For cases similar to the situations described above, or student-student complaints JBoard recommends that parties attempt to go through the mediation process via our other student accountability groups, Honor Council and Restorative Justice. Cases that cannot be resolved via mediation processes include Academic Misconduct, Sexual Misconduct (Title IX), and severe Alcohol and Other Drugs violations. This is because due to the severity of the situation, particularly in sexual misconduct, it is not appropriate to attempt mediation. It is important to note that when Board chairs receive a complaint with elements which allege violations of the Discriminatory Harassment and Sexual Misconduct (DHSM) policy, the chairs may share the contents of that complaint with Board advisors and the Title IX coordinator in order to ensure it goes through the correct process (The Judicial Board process or Title IX process).

Separate processes exist for complaints regarding staff and faculty; complaints against faculty members may be directed to the dean of the faculty, and complaints against staff members may be filed with the Director of Human Resources or with any vice president or dean.

Lastly, we want to emphasize the importance of JBoard being student-led. We all know how Reed operates and how it can (un)intentionally harm rather than help students looking for assistance in resolving interpersonal conflicts and/or sexual violence. That’s why it is vital to keep JBoard student-led. However, as we navigate the realities of our current situation, where seven members – all of which are qualing or thesising – are juggling the workload of twelve, we must address the potential challenges that lie ahead. In the unfortunate event that we are unable to sustain and increase our student members, admin will take over. This shift in responsibility carries significant implications. Cases will be adjudicated by admin, faculty, and staff, who do not have the student perspective and affect how and to whom sanctions are enforced. For instance deciding the issuance of Priority (and any) No-Contact Orders (NCOs) which offer survivors priority over on-campus spaces, including housing. If admin takes over they also have the ability to impose suspensions and expulsions. The latter two sanctions we have not recommended for over three years. Moreover, the administration would also oversee the appeals process, fundamentally altering the dynamics of how JBoard operates and Reed’s overall adjudicative process.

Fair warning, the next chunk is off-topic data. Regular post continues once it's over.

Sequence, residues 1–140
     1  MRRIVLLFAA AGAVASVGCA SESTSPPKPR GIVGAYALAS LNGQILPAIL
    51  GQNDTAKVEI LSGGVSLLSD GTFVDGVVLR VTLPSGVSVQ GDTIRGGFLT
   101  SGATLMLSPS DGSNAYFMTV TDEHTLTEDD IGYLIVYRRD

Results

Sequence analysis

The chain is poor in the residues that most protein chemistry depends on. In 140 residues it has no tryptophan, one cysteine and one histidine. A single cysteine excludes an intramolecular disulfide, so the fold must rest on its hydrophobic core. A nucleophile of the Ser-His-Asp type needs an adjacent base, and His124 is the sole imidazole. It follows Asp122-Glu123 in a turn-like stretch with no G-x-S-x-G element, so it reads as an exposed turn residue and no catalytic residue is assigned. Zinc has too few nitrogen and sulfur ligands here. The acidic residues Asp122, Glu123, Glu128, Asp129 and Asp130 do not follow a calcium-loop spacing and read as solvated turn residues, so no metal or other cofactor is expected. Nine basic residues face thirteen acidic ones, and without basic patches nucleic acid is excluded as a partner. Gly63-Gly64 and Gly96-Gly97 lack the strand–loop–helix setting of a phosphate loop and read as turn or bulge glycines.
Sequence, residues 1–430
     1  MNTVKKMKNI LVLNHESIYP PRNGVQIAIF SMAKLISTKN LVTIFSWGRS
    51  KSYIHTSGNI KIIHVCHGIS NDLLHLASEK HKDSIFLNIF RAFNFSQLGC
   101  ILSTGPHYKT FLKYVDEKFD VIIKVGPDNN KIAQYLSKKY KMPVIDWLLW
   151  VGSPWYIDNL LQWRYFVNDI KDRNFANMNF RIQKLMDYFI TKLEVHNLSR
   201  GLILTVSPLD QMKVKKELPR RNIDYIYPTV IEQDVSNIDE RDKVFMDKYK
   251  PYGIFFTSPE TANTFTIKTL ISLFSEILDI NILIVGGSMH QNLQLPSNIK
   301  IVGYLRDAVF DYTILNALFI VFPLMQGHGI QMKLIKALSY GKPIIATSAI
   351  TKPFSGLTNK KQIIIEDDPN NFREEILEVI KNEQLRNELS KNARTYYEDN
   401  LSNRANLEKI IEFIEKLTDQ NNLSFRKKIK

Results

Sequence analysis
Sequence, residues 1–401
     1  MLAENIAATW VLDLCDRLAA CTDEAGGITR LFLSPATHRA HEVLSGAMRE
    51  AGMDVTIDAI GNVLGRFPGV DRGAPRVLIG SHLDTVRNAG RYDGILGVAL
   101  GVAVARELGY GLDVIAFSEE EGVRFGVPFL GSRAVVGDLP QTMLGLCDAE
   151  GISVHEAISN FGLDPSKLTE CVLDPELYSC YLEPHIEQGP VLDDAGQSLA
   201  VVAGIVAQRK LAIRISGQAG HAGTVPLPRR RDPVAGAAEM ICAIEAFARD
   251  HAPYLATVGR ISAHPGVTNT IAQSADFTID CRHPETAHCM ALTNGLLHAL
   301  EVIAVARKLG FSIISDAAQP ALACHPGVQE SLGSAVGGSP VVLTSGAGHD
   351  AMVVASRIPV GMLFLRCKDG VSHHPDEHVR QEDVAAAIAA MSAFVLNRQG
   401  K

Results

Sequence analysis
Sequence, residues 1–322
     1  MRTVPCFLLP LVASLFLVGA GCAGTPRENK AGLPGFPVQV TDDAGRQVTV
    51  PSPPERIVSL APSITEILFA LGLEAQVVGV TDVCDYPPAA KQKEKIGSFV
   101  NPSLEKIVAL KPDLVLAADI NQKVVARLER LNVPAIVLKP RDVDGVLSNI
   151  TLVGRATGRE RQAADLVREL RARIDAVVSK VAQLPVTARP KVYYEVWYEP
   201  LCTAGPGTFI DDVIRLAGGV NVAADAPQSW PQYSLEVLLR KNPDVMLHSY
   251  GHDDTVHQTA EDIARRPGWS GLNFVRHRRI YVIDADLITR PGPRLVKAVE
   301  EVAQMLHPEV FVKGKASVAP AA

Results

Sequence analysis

Next Monday (10/9), Senate will be having a job fair from 10:00 AM – 12:00 PM to represent open positions funded by them, which include JBoard. We hope to see anyone who is interested there!  

If you have any questions that you feel weren’t answered, please stop by our co-chairs’ office hours in the JBoard office (next to SHARE) every Friday, 1 pm to 3 pm in the GCC. If those times don’t work for you or you want to file a complaint then email both co-chairs (briannab-jboard@reed.edu and nicolexc-jboard@reed.edu). We are more than happy to answer any questions/hypotheticals that do not involve Title IX allegations, as we are obligatory reporters.

The Judicial Board Co-Chairs